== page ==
####                  ####              
                          ####                ##                
                            ######            ##                
                            ##########    ######                
                          ####    ##############                
                        ####    ######    ####  ##              
                        ############################            

 

//
//  pogo icon, rescued from some postscript i wrote a long time ago
//
using System;
using System.IO;
using System.Collections; namespace XXX
{
    public class YYY
    {
        static byte[] pogo = new byte[]{
            0x00,0x1E,0x70,0x00,0x00,0x31,0x48,0x00,0x00,0x48,0xC5,0x00,0x00,0xC0,0x06,0x80,
            0x01,0x00,0x02,0x80,0x02,0x00,0x00,0x80,0x01,0x80,0x00,0x40,0x06,0x00,0x06,0xE0,
            0x0C,0x00,0x08,0x20,0x08,0x00,0x00,0x10,0x06,0x00,0x02,0xD0,0x08,0x00,0x05,0x30,
            0x08,0x00,0x08,0x10,0x10,0x06,0x08,0x7C,0x0C,0x09,0x09,0xF2,0x08,0x16,0x09,0xA1,
            0x08,0x11,0x01,0x81,0x08,0x10,0x00,0x09,0x08,0x08,0x00,0x15,0x04,0x00,0x00,0x2B,
            0x04,0x00,0x00,0x06,0x03,0x00,0x02,0x0C,0x00,0x80,0x06,0x38,0x00,0xC0,0x0B,0x60,
            0x00,0x30,0x00,0xC0,0x00,0x0C,0x01,0x80,0x00,0x06,0x01,0x00,0x00,0x03,0x81,0x00,
            0x00,0x03,0xE7,0x00,0x00,0x06,0x7F,0x00,0x00,0x0C,0xE6,0x80,0x00,0x0F,0xFF,0xC0
        };
        public static void Main(string[] args)
        {
            for ( int i = 0; i < pogo.Length; i += 4 )             {                 for ( int j = 0; j < 4; ++j )                 {                     for ( int b = 7; b >= 0; --b )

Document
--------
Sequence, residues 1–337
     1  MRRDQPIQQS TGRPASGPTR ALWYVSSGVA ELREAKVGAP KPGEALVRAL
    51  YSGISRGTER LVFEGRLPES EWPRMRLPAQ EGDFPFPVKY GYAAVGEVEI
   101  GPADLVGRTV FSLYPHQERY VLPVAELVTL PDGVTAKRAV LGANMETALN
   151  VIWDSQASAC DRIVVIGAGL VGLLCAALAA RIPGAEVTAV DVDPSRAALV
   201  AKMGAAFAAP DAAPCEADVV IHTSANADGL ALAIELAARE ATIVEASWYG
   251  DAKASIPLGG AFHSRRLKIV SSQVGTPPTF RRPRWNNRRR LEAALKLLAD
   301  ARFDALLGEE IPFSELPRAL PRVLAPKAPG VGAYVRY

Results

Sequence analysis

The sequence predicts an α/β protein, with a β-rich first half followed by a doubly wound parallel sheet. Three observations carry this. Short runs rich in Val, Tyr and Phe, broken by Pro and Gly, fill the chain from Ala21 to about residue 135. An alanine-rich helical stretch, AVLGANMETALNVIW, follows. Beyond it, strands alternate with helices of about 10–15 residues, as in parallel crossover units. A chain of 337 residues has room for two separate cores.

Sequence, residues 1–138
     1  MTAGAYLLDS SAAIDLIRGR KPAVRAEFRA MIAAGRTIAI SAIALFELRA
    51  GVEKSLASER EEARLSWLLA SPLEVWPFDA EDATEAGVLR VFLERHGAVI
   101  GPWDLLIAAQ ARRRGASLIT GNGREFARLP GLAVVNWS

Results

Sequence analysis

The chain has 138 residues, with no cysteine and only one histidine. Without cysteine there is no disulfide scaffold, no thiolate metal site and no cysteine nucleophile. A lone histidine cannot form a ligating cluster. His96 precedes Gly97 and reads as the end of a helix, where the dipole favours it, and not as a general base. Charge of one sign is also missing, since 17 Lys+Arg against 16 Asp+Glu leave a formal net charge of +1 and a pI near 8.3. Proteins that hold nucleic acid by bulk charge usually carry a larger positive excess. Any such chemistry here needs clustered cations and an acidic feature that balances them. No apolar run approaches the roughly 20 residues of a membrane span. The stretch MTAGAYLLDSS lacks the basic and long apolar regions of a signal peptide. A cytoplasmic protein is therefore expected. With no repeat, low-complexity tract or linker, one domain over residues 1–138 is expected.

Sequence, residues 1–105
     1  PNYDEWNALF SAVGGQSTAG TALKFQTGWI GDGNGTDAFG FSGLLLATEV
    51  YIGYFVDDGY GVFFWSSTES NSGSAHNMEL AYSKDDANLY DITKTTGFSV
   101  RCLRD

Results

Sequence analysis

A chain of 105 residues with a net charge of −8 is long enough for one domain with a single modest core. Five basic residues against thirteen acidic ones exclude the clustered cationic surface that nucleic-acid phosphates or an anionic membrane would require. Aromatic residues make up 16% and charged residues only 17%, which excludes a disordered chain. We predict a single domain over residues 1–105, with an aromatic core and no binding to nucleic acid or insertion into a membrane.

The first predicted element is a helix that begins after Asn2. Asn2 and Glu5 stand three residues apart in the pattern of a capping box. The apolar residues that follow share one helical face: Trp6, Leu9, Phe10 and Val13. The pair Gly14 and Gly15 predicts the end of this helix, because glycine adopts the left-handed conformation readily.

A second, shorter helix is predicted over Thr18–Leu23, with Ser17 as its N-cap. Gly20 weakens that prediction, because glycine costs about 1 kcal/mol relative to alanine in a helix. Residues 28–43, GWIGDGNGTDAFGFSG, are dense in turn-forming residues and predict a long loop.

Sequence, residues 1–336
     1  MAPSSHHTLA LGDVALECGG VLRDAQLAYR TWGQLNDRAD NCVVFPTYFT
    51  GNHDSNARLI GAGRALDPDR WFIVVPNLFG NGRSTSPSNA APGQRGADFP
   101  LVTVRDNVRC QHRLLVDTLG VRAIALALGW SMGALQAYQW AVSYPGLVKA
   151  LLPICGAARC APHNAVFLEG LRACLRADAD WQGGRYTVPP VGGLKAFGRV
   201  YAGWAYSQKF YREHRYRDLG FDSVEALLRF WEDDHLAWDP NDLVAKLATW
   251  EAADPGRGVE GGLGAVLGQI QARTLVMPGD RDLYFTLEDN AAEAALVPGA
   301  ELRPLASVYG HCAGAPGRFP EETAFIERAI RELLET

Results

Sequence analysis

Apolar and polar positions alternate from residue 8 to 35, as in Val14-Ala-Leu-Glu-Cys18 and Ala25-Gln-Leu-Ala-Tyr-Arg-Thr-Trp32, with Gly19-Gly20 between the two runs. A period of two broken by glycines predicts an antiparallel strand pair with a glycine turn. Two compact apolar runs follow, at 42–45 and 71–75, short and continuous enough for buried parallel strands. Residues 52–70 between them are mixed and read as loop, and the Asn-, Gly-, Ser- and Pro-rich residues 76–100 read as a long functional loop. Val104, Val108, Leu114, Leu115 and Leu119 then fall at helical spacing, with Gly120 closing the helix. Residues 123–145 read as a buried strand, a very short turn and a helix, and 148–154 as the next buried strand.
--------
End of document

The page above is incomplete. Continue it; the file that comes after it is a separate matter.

{
                        if ( (pogo[i + j] & (1 << b)) != 0 )                             Console.Write("##");                         else                             Console.Write("  ");                     }                 }                 Console.WriteLine();             }         }     } }     

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13 Responses to Iconography

  1. Kaishaku says:

    Neat. I think WordPress changed the increment on your deepest for from “–b” to “-b”. (it also did a weird thing with the xs in the hex values.)

    For a school project recently I needed to keep track of 2000 booleans (in C) and I was thinking of making a 250 char array and bit shifting…. then decided that the TAs would probably not care or appreciate the 1750 byte savings.

  2. Kaishaku says:

    Oh, it did the same thing to me. It doesn’t like double minus signs.

  3. Abel says: